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Stephen Curry spoke. Under Armour listened. Now what?

Whether the dust-up between Stephen Curry and Under Armour keeps mushrooming or fizzles out, this much is true: In an era of contentious politics, the dynamic between high-profile athletes and the big-money sponsors they endorse is growing more complicated.

A player in the rare stratosphere that Curry occupies holds cards, and can now hold a company accountable for its politics and stances on social issues. Time will tell whether Curry, or anyone else, is willing to play the ultimate card by walking away.

"Easier said than done," said Christopher R. Chase, a partner at Frankfurt Kurnit Klein & Selz, who works on legal aspects of high-profile sports-marketing campaigns.

"Yes, Steph Curry can terminate tomorrow if the contract gives him that ability, and on (Friday), he'd have a new deal because of who he is," Chase said. "But it might not be as good a deal. For Nike, he might be one of 20 basketball players and may not be the featured guy."

The back-and-forth between Curry and Under Armour CEO Kevin Plank is now into its second week and making for some awkwardness that could very well extend into this weekend's NBA All-Star Game, where Curry, LeBron James, Kevin Durant, James Harden and all the league's biggest endorsers will converge.

Plank called President Donald Trump "a real asset to our country." Curry responded by dismissing that notion, and suggesting he wouldn't hesitate to back out of deals with companies that don't reflect his values.

Plank came back quickly with a statement designed to tamp down discord -- the last thing Under Armour needs on top of slowing sales growth that has hurt its stock price. Then, on Wednesday, the CEO followed up with a full-page advertisement in The Baltimore Sun, saying his words last week "did not accurately reflect my intent."

"With an anticipated new executive order on immigration set to come out, we will join a coalition of companies in opposition to any new actions that negatively impact our team, their families or our community," Plank said.

Under Armour has long been viewed as a progressive company, admired in part for its huge investment in rebuilding parts of Baltimore , where the company's headquarters are based.

On its face, the entire exchange may look like a small victory for Curry, who has been joined by actor Dwayne "The Rock" Johnson and ballerina Misty Copeland in showing concern over what Plank said last week. But the next step -- the possibility that Curry could leave Under Armour and find another shoe company to endorse -- would be more complicated.

"Yes, he's on a different level and he's made a pretty big brand investment in himself, and in a company like Under Armour," said sports marketing expert Joe Favorito. "Still, it's not just something you flippantly walk away from."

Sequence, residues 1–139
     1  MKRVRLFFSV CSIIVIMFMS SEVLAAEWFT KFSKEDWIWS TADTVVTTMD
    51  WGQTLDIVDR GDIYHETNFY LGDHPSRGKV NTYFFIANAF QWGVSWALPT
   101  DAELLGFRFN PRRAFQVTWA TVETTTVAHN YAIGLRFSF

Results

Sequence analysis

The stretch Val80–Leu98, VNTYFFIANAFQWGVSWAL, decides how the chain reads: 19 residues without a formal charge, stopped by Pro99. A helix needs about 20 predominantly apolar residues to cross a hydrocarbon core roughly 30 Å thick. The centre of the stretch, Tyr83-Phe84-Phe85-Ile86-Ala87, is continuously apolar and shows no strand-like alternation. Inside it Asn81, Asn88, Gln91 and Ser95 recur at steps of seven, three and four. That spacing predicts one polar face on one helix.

Curry is hardly the first athlete to take a stand on politics and social issues over the past 12 months. Colin Kaepernick's decision to kneel during the national anthem was a symbolic protest over treatment of blacks in America. More recently, Tom Brady and the Patriots have taken different stands on their like or dislike of the president.

Where Curry's situation differs is that there's an ongoing, two-way relationship with heavy financial stakes involved.

And Under Armour isn't the only big shoe company trying to stay out front when athletes who represent them take or consider taking stands on political issues.

Last weekend, Nike went big with an ad campaign featuring LeBron James, Serena Williams and openly gay soccer player Megan Rapione touting "Equality" -- the latest in a number of pro-LGBT statements the company has made over the past several months.

"Clearly, it shows they're listening, seeing what the conversations are, knowing what the athletes are saying and putting it together," Favorito said. "They're saying, `We believe you, we support you."

There's a lot at stake, particularly for a company like Under Armour, which had positioned itself to reshape a sneaker business that Nike has dominated for decades. Curry helped trigger a 350 percent uptick in Under Armour's sales of basketball shoes, according to Morgan Stanley analyst Jay Sole .

Over the past week, it also seems Curry is helping Under Armour stay true to the vision the company projected when it signed its first major hoops star.

"It's interesting to see Steph Curry come out and make the comments," Chase said. "Now, there could be specific trigger points that both parties have to consider. If you're the talent, do you give up the money? If you're the brand, do you give up your biggest endorser?"